The Southern Alps in New Zealand are the latest icy region to be devastated by global warming.


A study finds the mountains have lost up to 62 per cent of their glaciers since the end of the Little Ice Age, around 400 years ago.


This, according to the study, equates to a maximum ice loss of 73 square km (30 square miles), an area half the size of Liechtenstein.


By contrast, Patagonia, which is home to the largest body of ice in the southern hemisphere outside of Antarctica, has seen just 11 per cent of its Little Ice Age volume vanish.


New Zealand's Southern Alps are best known for being the set of many scenes from the Lord of the Rings and the Hobbit movies.


The Southern Alps is the highest mountain range in Australasia, with Mount Cook's summit standing at 12,218ft above sea level.


The study analysed volume changes in the Southern Alps for three time periods: 1600 to 1978, 1978 to 2009 and 2009 to 2019.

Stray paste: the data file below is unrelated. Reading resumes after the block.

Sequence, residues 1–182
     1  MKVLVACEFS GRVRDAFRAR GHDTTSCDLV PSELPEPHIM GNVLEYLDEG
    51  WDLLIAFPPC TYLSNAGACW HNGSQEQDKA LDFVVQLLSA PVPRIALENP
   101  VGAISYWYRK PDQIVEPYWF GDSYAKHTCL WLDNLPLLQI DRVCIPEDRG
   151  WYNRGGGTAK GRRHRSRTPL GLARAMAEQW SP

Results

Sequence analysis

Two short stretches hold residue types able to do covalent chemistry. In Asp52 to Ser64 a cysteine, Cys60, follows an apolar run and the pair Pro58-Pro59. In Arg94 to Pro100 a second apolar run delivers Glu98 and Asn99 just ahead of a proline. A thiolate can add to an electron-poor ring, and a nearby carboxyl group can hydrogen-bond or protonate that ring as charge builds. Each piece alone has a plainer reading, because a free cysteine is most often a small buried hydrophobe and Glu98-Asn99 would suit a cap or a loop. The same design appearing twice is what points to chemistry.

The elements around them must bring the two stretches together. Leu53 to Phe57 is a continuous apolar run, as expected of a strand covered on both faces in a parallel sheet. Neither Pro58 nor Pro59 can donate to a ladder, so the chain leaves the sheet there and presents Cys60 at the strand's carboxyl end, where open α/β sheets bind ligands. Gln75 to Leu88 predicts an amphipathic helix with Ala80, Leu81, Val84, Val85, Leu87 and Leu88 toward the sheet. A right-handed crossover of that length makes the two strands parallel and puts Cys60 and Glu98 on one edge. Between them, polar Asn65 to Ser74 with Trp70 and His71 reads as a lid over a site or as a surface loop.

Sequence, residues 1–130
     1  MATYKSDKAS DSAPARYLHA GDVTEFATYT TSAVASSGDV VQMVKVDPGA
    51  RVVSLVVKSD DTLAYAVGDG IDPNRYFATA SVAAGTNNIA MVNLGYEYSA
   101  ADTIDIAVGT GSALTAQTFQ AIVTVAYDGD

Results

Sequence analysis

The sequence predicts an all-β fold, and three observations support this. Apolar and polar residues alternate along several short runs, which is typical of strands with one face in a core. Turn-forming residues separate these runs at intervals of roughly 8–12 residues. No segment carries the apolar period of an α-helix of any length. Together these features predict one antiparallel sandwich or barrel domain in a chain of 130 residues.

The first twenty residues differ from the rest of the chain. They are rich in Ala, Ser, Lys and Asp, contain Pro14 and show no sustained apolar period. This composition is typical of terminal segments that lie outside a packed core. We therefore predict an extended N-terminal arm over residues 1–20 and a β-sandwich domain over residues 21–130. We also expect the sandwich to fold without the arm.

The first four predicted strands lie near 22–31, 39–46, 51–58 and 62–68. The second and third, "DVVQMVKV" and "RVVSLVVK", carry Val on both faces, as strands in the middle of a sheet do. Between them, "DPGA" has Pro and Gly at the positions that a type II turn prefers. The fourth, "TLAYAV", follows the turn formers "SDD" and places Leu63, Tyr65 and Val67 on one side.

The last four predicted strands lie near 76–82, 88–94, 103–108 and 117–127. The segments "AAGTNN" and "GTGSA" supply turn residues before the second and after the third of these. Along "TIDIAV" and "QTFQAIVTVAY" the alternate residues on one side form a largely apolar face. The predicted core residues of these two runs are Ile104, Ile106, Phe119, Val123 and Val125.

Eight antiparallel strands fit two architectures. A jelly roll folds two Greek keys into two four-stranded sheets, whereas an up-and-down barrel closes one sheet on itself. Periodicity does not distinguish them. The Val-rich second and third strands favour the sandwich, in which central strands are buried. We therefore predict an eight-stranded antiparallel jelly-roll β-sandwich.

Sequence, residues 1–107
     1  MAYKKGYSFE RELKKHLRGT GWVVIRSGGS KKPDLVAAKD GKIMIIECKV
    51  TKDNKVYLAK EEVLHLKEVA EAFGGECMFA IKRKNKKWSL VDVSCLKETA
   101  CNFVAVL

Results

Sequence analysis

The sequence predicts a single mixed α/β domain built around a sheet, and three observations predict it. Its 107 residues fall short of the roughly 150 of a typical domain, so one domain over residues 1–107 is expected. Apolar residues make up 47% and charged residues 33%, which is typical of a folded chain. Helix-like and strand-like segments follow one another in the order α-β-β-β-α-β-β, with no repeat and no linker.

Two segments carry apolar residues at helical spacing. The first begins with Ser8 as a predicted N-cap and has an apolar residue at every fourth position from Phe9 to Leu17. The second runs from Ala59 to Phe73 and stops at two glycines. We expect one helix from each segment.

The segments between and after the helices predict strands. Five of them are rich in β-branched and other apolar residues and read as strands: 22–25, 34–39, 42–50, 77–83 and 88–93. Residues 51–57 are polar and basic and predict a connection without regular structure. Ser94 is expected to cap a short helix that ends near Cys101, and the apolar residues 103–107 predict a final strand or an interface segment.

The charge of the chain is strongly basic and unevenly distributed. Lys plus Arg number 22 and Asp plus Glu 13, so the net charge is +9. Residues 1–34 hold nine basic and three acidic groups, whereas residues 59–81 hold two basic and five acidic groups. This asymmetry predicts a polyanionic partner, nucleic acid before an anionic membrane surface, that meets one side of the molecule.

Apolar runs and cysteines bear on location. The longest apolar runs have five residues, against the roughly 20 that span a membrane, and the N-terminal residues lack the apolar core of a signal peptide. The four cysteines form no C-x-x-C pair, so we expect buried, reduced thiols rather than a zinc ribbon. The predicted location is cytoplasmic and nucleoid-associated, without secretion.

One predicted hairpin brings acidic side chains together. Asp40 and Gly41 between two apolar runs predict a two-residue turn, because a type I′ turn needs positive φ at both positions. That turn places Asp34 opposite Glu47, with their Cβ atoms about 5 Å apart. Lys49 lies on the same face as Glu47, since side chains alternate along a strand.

Data was gathered using computer simulations, physical markings and historical records. Comparison between the decades reveals ice loss has increased two-fold since the Little Ice Age, with a rapid increase in the last 40 years. 


Up to 17 per cent of the ice that was on the mountains at the time of the Little Ice Age was lost between 1978 and 2019 alone.


In 2019, only 12 per cent of ice mass remained in what was formerly the low altitude part of the Little Ice Age glacier region.